As we passed Warminster we picked up the King Alfred’s Way which took us on the Imber Trail over Salisbury Plain. There was a fair amount of live firing exercises going on and the red flags were flying
Being Military land, and therefore undisturbed, there were a lot of wild flowers growing on the ranges, such as these orchids
Across the plains there were good but sandy tracks with strange corrugrations where the tanks had been. Again we were glad of our wide tyres
Wild roses were flowering in abundance and in the still, warm day the scent was wonderful
There was a lot of natural grass meadow where the live firing took place which was full of sky larks and other ground nesting birds
This is “The German Village” built by the military during the war
lovely views across the meadows
Approaching Old Sarum, outside Salisbury along deeply rutted tracks
This is a short video of the type of cycling between the Quantocks and Salisbury
We could have gone closer to Stonehenge, but we preferred to keep our childhood memories of climbing on the stones rather than visit a modern visitor centre
Arriving in bustling Salisbury
This is how I felt at the top of the last hill
We left Salisbury, still on King Alfred’s Way, heading towards Winchester and on to Liss
Staggering to the top of a steep hill
Winchester Cathedral. We stayed the night in Winchester before heading on towards Liss
These woods were amazing
King Alfred’s Way took us over the South Downs. It was really hard work with big hills, but we loved it. Luckily we had dry sunny weather, it can be really muddy in the wet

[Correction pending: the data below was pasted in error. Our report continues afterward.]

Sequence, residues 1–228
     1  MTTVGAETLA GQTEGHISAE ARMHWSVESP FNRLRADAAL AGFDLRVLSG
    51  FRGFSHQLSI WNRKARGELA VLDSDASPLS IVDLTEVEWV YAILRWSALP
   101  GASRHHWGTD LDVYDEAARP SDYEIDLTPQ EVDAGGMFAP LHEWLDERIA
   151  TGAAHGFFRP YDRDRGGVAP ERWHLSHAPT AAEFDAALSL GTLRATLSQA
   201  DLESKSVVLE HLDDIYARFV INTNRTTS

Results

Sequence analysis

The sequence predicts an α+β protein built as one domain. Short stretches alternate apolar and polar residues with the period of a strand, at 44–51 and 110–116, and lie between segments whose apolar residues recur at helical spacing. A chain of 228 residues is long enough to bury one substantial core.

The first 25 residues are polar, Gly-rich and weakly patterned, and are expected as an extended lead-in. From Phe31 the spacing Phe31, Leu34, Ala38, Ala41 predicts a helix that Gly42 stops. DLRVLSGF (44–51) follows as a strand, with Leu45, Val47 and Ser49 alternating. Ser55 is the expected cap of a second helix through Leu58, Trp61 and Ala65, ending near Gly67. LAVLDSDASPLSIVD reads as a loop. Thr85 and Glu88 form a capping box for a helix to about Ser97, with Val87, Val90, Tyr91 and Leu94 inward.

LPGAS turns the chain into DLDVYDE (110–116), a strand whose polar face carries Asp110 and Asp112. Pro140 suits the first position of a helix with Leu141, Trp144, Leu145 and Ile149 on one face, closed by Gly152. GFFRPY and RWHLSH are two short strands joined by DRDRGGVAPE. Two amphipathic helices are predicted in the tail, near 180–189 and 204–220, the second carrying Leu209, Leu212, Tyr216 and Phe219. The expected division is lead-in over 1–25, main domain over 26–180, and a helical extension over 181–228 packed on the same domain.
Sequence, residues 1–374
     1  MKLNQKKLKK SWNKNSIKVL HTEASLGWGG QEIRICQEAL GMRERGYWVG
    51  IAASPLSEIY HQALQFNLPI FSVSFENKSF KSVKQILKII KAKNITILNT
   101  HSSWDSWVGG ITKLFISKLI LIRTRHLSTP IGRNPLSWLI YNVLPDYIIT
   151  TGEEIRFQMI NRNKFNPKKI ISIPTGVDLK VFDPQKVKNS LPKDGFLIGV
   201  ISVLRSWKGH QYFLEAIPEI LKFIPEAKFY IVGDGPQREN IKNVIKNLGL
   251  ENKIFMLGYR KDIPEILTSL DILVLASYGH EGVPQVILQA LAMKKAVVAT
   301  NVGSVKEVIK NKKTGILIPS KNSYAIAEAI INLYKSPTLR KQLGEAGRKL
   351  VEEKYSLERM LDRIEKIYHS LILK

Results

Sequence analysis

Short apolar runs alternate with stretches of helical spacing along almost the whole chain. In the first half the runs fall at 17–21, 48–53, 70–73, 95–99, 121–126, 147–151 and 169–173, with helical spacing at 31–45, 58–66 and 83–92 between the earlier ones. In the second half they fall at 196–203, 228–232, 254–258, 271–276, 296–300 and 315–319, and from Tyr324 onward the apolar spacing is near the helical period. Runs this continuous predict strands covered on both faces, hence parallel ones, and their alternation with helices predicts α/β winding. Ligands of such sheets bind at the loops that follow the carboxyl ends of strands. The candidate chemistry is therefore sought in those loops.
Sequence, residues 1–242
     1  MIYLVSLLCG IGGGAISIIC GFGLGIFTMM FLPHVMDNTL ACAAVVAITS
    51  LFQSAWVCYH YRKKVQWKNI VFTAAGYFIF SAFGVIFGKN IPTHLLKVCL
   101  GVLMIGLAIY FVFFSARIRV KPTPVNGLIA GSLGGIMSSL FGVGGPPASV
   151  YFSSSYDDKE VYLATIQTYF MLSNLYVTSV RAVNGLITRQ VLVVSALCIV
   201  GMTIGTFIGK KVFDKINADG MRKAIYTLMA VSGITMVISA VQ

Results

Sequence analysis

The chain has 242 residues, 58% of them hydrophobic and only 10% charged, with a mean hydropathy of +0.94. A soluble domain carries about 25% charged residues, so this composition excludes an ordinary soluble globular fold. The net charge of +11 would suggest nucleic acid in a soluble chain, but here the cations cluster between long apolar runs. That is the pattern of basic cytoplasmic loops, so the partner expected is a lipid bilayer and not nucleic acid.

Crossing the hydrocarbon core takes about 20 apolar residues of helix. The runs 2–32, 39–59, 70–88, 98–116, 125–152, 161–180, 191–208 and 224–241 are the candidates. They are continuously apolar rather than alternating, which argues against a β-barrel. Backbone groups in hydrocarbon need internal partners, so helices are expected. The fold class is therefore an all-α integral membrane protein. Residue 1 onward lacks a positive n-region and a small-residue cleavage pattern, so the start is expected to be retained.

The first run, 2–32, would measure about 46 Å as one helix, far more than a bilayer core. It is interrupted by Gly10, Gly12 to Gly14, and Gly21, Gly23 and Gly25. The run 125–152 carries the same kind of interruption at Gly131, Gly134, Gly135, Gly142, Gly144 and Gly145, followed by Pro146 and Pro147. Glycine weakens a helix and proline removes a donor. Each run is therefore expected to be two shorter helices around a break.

Lots more Orchids here
One of the steeper sections, pushing up the Old Winchester Hill
Ladies Bedstraw, gallium varum
A chalk road down to a farm
On the biggest hill of the day, Butser Hill. Here we dropped down to Queen Elizabeth Park before pushing up through the woods on the other side
There were different orchids here
Vipers Burgloss, Echium vulgare
We stayed the night at the Jolly Drovers near Liss, who were busy with cyclists mainly going in the other direction. Then we headed off towards Tilford on a patchwork of paths that Cycling UK had stitched together to make part of King Alfred’s Way
We went through woodland
And passed Wagoners Wells with its 3 ponds
Looking down on the deep sandy tracks leading to Tilford where we were staying with family
The next day we left King Alfred’s Way, which does a large circle, and headed along the North Downs Way
This is a short video of the type of cycling between Shrewton and Tilford
We had been told about the tiny Watts Chaple which is a Grade one listed Arts and Crafts chaple. The paintings inside and ceramics on the outside are amazing
On the outside of the Watts Chapel
The ceiling inside the Watts Chapel
Cycling on deep sand back up to the North Downs Way. Bernie has just been passed by a galloping horse which we didn’t hear coming.
We were dodging puddles today as it had rained hard over the last couple of days
Shooting down the track to a vineyard
After a big climb up through lovely woodland we found St Martha’s Church at the top. You cannot get here by car. It is a Pilgrims Church as this part of the North Downs Way was originally called the Pilgrims Way
A good place to stop after climbing Box Hill
We were fairly high and needed to get down to Reigate where we were staying for the night, so we headed down this wet, slippery and steep bridleway.
It turned out to be too slippery for me. After a bit of a tumble I decided to walk down
It rained heavily overnight and the chalky tracks had our wheels spinning on the hills. Really hard work.
There should have been nice views from up here
We got a bit lost in among all the woodland tracks as the rain and wet overhanging trees stopped our GPS working well.
Many of the trails were overgrown and I was glad to be wearing full waterproofs as protection from the nettles. Could have done with a machete
By now all the puddles had joined together, and some turned out to be a lot deeper than we expected
We could tell we were in an affluent area when even the snails are edible